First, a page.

The Last Hand

TheLastHandDirected by Samuel G. Robertson

Written by Richard James Zieman

At Athenaeum Theatre

Revised production still flawed but absorbing

“It’s got to stop,” says the grandmother of 3-year-old Deonta Howard, who was injured along with 13 others in another Chicago South Side shootout  yesterday (September 19). North Siders seem to think of themselves as living in a different city entirely to separate themselves from the ignominy of living in the city with the highest rates of gun-related violence in the country. In an attempt to shock us out of our complacency, new-to-the-scene writer Richard Zieman brings us a bracing story set in Chicago’s West Side. Reworked from it’s 2012 debut*, Inglis Hall Production’s The Last Hand  has upped the ante and refined the writing so that this new version is less, if you’ll forgive the pun, ham-handed.

Ruled over by the megalomaniacal “Pharaoh,” (Jonah Winston), the various players in this literal and figurative poker game are each seeking a different—rather pathetic—brass ring. This is a world where one of the best promises a leader can make is that his followers live long enough to die of old age. Despite a name that would imply the worship of Ra, Pharoah sees himself as acting with the hand of God.

Perhaps well aware that a Pharaoh’s retainers were buried with him, some various members of his gang are plotting their escape from his thrall. Would-be rapper Angel (Michael Lara) has conspired with tagger Miguel (Daniel Robert Rosenstrauch) to rig the Pharaoh’s regular poker game with some counterfeit bills and a fall guy named El Grito (Sir Jove). “Clip” (Anthony Conway), the Pharaoh’s personal body guard and Angel’s blood brother, catches wind of the scheme and must make a decision as to whose side he will be on if and when the plot comes to fruition.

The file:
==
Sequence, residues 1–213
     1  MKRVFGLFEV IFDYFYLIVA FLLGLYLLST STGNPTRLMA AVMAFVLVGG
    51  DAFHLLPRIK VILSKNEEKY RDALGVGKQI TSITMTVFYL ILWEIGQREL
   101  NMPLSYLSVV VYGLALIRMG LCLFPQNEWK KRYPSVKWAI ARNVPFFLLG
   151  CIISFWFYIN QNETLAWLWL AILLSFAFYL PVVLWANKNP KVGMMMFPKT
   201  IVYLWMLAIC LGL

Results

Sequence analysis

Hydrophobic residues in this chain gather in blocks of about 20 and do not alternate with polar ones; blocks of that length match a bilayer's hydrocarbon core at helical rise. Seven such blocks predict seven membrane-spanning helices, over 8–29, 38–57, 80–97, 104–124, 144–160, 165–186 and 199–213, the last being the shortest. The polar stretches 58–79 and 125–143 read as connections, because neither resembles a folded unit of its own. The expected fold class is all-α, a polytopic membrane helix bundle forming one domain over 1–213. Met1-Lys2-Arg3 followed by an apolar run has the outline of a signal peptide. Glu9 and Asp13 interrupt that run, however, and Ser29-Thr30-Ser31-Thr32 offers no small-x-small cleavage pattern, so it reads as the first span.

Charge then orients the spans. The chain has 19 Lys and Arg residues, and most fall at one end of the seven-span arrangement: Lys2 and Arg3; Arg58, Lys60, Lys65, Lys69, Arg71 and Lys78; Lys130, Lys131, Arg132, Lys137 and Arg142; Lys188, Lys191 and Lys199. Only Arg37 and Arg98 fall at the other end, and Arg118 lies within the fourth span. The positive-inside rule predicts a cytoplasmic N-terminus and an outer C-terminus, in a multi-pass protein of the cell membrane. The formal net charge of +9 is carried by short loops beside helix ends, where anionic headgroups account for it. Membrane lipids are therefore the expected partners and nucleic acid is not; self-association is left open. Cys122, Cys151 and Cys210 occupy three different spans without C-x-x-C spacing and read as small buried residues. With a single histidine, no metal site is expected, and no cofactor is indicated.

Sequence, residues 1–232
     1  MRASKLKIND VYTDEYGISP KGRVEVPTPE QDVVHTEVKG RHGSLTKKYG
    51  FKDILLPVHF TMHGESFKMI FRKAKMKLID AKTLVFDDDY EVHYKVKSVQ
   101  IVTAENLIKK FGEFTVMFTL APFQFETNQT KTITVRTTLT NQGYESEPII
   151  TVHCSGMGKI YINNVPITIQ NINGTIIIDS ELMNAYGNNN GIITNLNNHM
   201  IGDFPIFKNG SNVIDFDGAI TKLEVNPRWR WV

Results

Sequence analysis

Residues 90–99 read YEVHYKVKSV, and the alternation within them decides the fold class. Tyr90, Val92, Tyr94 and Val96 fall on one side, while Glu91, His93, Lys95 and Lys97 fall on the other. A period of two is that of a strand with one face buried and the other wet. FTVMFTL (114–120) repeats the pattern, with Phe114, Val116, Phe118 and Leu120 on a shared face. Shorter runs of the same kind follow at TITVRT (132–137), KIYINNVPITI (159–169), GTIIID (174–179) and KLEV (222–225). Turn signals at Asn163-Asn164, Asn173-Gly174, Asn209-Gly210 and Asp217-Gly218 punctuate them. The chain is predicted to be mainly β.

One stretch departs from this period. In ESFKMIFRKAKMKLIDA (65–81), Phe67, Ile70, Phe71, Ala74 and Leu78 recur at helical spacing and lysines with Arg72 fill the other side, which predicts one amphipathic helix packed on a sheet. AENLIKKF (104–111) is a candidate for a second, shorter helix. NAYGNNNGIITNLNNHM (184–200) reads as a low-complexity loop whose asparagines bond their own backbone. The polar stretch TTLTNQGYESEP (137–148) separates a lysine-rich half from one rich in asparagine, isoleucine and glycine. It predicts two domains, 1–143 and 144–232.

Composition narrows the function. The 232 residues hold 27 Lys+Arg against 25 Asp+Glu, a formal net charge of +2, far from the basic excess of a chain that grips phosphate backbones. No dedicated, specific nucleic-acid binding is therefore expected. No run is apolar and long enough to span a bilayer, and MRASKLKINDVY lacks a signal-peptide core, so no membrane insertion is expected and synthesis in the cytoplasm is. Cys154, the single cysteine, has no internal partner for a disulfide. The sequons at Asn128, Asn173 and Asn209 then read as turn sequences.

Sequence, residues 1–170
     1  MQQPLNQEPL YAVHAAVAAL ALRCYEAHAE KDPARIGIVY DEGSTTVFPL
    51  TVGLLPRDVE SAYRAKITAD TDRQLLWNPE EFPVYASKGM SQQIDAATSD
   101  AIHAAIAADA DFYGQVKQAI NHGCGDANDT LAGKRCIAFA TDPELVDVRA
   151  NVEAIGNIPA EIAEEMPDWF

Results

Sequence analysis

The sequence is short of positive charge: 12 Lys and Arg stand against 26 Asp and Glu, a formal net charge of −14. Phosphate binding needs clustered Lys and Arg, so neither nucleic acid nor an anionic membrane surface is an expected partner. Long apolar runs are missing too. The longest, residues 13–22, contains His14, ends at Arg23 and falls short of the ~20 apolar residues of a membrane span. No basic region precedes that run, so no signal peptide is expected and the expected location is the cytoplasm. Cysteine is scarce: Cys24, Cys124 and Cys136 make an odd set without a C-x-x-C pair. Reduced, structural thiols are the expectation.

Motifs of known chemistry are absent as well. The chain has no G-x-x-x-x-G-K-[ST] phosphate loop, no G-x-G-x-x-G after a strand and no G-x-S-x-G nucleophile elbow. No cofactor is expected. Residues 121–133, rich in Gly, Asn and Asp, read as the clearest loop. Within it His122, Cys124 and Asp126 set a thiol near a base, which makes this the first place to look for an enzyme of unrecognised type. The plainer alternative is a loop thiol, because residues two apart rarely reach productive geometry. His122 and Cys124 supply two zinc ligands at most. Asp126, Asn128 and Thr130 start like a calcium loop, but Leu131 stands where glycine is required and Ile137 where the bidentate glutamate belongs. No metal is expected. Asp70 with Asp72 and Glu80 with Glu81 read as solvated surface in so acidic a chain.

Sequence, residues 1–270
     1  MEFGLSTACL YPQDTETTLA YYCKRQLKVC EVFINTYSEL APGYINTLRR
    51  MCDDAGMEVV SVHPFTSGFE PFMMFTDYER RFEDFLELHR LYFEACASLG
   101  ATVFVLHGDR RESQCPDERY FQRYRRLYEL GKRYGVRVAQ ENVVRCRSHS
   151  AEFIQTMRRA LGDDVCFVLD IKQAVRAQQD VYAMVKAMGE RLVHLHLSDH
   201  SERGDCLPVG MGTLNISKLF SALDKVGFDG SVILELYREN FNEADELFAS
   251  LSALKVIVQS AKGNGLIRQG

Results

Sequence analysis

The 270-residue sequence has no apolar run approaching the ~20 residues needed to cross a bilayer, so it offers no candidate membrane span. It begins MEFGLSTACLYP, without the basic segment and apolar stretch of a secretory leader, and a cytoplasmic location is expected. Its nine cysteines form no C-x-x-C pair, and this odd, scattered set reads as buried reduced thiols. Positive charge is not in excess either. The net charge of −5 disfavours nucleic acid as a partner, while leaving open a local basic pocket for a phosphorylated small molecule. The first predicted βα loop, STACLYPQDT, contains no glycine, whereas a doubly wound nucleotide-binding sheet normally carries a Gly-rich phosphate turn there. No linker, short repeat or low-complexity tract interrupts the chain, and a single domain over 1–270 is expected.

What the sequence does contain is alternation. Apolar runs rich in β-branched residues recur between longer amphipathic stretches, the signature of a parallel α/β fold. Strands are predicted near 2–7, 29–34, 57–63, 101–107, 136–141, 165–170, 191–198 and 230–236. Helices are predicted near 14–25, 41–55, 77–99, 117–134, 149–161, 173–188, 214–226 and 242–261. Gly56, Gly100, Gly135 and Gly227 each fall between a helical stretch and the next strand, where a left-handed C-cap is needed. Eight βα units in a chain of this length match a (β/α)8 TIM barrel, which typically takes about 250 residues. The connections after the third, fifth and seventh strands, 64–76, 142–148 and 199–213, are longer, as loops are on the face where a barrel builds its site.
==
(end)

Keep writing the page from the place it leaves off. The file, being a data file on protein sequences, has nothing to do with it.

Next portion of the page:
Photo by Anthony Robert La Penna

Much of the drama of Hand revolves around the “Will they or won’t they” dynamic as the screw is slowly turned and stakes are raised. Poker is certainly not a new trope for metaphorical explorations of the dynamics of destiny and free will. That’s even acknowledged refreshingly and directly by Hand.

There are still some sophomoric touches (this is Zieman’s second production) to this update. Some exposition is ponderously overdone, particularly in regards to the revelations of these character’s back stories. The actual grift doesn’t really come across clearly, and it’s best to just ignore the details and focus on the threatening tone that pervades all. An air of menace is expertly maintained by Winston, who creates a bombastic character who can turn moods on a dime—a truly terrifying paterfamilias. Moments of levity come via Jove’s over-the-top El Grito, a spastic wild card (joker?) in the deck.

Photo by Anthony Robert La Penna

Inspired by an actual person in Zieman’s life, Hand is an ultimately compelling portrait of people trying to escape the system that they are too aware will lead to an early grave if they fail. More importantly, it’s a portrait of the bonds of friendship that even the damned can forge. Even if it’s in the safety of a theatre, this visit to the West Side will inspire a similar bonding experience amongst all the sides of Chicago to address the bloody hand that’s been dealt.

Recommended

*This was originally called The Last Game.

Review by Clint May

Date Reviewed: September 19, 2013

For more info checkout the The Last Hand page on www.AthenaeumTheatre.org

At Athenaeum Theatre, 2936 N. Southport Ave, Chicago, IL 60657, call 773.935.6860, or www.AthenaeumTheatre.org, tickets $25, $15 student/senior, Thursdays thru Saturdays 7:30pm, Sundays 2pm, running time is 2 hours 10 minutes with one 15 minute intermission, through October 20.

Photo by Anthony Robert La Penna

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